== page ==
For years before the economic downturn, Royal Palm Beach lowered its tax rate every year. In recent years, it has been held unchanged, but Pinto believes it is time to begin lowering it once more. “I believe we’re the second-lowest millage rate in all the county’s 38 municipalities,” he noted.

Becoming a part of the PBSO was an emotional change for the village, although it turned out to be very beneficial, he said. “Once again, from a business standpoint, my argument was, ‘How can you argue with these numbers?’” he said.

At the time, the village’s police force was hiring and training bright young people who were leaving and joining the PBSO. “Quite frankly, if I was one of these people, I would do the exact same thing,” he said. “Where is my career opportunity in a Mayberry police force as opposed to no ceiling with the PBSO?”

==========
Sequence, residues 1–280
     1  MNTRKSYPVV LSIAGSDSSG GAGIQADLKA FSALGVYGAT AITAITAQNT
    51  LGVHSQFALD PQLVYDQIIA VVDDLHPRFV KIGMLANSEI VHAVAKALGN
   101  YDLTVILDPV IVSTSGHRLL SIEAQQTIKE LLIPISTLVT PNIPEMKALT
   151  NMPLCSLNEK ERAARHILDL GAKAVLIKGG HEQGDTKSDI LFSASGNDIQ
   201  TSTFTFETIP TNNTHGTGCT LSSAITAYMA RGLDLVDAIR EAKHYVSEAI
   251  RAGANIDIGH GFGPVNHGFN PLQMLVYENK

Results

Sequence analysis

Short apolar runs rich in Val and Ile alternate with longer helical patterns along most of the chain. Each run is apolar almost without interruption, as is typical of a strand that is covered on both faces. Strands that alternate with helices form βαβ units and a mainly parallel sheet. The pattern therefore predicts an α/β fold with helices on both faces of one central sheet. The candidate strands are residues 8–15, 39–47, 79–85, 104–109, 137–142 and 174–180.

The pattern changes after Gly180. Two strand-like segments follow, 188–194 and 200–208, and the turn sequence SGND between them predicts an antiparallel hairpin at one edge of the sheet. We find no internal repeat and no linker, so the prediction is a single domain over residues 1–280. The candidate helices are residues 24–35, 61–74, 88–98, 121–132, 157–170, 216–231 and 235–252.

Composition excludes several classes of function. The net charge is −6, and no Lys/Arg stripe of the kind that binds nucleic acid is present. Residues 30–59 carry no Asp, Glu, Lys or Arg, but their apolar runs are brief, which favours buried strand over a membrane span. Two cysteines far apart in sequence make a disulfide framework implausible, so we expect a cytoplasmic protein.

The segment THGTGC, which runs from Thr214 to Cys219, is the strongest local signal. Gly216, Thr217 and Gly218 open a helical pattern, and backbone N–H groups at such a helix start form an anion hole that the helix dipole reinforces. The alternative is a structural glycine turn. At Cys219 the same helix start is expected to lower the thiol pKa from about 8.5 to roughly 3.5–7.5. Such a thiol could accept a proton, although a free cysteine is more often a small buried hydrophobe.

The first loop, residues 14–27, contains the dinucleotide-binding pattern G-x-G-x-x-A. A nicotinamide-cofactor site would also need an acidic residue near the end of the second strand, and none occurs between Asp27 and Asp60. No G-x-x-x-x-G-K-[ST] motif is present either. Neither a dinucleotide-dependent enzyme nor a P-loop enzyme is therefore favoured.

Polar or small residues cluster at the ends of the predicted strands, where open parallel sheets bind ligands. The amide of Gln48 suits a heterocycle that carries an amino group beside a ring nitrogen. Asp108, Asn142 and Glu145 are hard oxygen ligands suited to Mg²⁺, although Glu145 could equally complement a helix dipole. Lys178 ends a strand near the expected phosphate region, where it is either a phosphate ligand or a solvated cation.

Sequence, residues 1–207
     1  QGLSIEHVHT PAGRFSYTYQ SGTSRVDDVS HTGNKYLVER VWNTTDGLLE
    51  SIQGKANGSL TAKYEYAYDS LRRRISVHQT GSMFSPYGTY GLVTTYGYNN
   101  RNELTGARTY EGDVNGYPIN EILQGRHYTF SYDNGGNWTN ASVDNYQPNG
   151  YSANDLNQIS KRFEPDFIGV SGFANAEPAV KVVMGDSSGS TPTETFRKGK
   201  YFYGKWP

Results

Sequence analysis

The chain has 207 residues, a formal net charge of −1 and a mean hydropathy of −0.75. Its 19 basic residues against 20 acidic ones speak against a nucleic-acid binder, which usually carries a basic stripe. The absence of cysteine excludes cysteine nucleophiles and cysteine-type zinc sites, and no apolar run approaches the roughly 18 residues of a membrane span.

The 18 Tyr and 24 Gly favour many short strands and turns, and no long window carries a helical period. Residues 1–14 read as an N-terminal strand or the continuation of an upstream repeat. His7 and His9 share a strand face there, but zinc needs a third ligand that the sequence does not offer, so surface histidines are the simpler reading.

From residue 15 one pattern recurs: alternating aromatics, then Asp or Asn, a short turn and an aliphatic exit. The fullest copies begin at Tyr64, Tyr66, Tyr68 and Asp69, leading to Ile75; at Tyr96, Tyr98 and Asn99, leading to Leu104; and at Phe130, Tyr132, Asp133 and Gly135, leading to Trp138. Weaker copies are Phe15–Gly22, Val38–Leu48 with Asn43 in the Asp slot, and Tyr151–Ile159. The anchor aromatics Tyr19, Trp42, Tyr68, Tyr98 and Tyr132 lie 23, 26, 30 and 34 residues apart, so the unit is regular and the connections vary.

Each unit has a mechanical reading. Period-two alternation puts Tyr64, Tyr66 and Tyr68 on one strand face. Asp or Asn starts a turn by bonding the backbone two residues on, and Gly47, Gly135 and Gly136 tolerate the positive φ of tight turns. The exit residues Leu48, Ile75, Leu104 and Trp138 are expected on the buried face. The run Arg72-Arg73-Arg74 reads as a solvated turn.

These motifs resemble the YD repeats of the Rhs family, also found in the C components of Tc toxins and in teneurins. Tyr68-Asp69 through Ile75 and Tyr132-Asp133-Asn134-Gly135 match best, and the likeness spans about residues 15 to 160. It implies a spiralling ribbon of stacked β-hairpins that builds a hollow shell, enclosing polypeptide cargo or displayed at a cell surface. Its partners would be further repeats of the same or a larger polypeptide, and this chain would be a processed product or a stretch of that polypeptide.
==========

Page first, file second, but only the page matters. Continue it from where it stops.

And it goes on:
He also pointed out that it was increasing the safety for residents by using the PBSO’s greater resources.

“That resonated with members on our council who were really all over the place on this thing emotionally,” Pinto said. “That decision made us all look like geniuses. We’re not geniuses; we just made a tough decision at the right time.”

His goals over the next two years include getting back to reducing the millage rate. “We’re going to be making decisions in the next several months that will put us on the path to doing that,” he said.

Part of that was the recent decision to pay off the Commons Park bonds with revenue gained from selling the old wastewater treatment plant site. “To me, the decision is not difficult. Why? Because interest rates are so low,” Pinto said. “We’re paying more out in terms of the rate of interest than we’re getting in the rate of return.”